country, province, district or other geographical area will of infrastructure in promoting the economic growth in
benefit from the improved transport system. We investigate China. Overall results reveal that infrastructure stock, labor
how telecommunications infrastructure affects economic force, public and private investments have played an
growth. This issue is important and has received important role in economic growth in China. More
considerable attention in the popular press concerning the importantly they find that infrastructure development in
creation of the "information superhighway" and its China has significant positive contribution to growth than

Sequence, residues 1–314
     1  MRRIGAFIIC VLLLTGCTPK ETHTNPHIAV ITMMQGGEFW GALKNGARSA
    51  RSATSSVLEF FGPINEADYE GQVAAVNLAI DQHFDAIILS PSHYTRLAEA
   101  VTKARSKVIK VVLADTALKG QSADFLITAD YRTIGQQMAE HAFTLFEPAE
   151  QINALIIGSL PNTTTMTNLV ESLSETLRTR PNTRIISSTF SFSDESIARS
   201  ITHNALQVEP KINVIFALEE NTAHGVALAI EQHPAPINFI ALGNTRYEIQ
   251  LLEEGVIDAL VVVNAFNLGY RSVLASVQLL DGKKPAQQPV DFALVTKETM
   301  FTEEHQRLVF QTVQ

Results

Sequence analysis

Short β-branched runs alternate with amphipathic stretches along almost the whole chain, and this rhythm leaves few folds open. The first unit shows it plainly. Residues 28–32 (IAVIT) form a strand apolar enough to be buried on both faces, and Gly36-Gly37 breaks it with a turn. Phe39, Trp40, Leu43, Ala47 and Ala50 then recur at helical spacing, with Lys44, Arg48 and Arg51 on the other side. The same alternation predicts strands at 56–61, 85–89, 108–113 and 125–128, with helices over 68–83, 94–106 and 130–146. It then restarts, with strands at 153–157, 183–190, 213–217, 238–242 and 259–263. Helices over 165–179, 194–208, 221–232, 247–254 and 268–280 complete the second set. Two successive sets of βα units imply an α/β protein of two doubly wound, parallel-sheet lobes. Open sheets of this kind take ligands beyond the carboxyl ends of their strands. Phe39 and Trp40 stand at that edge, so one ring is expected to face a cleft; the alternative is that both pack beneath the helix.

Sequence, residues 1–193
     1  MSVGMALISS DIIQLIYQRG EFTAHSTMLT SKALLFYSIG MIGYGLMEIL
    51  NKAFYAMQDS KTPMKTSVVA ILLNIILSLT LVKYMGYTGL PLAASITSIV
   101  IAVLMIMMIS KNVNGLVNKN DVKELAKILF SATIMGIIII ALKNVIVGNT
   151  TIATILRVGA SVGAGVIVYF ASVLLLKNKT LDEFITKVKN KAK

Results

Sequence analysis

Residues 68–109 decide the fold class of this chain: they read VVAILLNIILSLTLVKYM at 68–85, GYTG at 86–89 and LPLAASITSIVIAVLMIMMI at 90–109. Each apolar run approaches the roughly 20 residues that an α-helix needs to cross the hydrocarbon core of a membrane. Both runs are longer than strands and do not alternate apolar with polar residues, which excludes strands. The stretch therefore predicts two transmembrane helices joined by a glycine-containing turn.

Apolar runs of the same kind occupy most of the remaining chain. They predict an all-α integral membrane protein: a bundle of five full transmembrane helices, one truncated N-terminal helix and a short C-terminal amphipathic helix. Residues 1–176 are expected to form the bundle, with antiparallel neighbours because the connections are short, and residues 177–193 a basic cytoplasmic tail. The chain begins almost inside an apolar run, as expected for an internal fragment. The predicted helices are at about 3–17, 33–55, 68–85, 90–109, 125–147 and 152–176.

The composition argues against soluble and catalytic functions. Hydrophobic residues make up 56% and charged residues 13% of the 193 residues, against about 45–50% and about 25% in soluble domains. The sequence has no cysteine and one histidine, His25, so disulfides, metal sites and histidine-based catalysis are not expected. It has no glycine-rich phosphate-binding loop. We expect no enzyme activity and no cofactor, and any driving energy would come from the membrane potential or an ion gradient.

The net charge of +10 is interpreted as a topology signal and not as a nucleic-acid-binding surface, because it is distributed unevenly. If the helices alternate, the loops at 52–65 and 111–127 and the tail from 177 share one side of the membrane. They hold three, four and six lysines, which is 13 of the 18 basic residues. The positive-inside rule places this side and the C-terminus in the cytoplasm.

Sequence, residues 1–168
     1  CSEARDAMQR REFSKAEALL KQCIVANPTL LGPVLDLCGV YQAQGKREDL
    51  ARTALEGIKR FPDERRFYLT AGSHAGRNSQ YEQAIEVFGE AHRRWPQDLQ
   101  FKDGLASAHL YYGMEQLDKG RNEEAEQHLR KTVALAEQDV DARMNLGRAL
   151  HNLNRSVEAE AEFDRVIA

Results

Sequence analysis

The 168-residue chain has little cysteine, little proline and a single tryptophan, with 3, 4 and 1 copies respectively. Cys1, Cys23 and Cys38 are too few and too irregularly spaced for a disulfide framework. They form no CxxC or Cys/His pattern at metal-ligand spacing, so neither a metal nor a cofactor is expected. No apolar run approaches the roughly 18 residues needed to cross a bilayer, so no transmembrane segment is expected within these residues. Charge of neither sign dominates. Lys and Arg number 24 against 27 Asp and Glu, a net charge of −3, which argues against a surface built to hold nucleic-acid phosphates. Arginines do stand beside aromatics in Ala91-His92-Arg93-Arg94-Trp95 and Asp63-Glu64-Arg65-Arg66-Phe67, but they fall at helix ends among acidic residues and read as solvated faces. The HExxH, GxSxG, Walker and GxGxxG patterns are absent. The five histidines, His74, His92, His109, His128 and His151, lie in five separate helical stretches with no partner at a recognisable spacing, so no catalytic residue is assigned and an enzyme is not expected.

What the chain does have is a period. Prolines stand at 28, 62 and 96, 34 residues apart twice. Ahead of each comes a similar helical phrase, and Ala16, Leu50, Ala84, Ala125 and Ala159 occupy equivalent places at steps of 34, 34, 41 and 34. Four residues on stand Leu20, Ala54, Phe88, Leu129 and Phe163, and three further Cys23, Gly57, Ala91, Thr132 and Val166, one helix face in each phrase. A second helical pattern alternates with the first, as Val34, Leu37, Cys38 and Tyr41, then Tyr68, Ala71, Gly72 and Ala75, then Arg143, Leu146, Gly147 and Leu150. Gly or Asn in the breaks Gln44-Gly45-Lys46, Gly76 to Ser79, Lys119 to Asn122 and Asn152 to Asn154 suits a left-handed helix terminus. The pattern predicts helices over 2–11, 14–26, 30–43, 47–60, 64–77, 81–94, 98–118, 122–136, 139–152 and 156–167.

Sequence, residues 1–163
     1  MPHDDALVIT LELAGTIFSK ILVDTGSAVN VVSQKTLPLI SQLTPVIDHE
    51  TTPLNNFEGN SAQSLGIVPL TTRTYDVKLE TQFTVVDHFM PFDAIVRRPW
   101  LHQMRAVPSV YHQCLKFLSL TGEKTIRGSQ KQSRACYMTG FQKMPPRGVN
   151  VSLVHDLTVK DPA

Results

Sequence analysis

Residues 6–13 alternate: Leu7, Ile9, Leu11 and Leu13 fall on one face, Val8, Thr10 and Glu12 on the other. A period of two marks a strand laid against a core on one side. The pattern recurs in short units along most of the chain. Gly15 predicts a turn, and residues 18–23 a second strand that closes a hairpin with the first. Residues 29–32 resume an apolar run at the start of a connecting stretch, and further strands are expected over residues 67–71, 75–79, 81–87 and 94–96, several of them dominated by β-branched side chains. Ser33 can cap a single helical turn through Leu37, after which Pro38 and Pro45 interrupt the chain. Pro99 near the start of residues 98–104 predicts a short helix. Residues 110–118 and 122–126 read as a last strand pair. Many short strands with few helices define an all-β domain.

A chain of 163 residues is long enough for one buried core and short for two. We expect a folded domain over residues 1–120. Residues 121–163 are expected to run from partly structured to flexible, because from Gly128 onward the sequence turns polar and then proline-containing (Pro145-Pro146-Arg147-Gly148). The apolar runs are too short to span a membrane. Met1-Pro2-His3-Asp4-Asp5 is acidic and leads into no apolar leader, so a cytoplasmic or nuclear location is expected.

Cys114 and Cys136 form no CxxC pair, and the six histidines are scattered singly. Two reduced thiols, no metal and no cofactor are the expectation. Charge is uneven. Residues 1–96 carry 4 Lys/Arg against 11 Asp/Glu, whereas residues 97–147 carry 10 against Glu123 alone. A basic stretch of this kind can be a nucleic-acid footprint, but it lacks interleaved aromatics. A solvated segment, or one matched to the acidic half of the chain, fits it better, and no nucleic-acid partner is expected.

potential impacts on the economy. Telecommunications both positive and public investments. Further they check
infrastructure investment can lead to economic growth in the unidirectional casualty from infrastructure to economic
several ways. Most obviously, investing in growth that justifying the high spending by China on
telecommunications infrastructure does itself lead to infrastructure development. Fontenla and Noriega (2005)
growth because its products cable, switches, etc. lead to studied the impact of public infrastructure on output level
increases in the demand for the goods and services used in in Mexico and also check the optimality with which the
their production. In addition, the economic returns to level of infrastructure have been set. They are basically